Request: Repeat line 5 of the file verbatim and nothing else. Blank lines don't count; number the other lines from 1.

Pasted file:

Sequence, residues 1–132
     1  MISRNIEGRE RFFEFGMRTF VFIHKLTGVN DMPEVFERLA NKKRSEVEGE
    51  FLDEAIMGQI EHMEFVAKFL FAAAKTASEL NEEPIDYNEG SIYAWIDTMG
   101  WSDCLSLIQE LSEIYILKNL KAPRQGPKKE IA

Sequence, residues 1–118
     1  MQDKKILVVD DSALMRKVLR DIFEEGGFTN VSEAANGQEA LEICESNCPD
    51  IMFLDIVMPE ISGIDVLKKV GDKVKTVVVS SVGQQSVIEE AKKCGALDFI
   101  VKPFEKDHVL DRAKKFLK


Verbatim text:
Sequence, residues 1–118